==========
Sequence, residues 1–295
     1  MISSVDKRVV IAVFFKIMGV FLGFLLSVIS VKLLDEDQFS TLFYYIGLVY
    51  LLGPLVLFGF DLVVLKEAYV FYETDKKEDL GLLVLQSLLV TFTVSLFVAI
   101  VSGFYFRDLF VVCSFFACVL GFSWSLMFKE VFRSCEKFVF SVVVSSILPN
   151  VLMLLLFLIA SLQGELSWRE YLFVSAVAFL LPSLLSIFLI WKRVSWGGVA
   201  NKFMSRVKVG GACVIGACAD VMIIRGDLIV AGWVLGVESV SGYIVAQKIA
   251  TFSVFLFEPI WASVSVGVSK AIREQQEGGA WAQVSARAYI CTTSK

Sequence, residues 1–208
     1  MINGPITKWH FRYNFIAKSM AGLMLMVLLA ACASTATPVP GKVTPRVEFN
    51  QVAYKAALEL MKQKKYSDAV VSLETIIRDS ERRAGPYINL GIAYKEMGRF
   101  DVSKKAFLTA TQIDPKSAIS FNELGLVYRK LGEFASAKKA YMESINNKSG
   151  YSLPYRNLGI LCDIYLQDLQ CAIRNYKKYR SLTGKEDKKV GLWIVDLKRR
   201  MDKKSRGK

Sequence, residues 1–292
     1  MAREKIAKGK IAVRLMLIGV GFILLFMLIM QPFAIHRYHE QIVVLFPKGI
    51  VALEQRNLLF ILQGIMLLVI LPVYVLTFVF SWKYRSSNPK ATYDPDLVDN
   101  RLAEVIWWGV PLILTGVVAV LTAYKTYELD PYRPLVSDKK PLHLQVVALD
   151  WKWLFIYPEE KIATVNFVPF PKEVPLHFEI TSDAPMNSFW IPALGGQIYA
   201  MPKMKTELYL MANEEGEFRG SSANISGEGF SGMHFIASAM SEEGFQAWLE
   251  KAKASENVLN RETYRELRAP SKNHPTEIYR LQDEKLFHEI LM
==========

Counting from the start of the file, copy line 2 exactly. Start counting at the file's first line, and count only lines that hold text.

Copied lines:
     1  MISSVDKRVV IAVFFKIMGV FLGFLLSVIS VKLLDEDQFS TLFYYIGLVY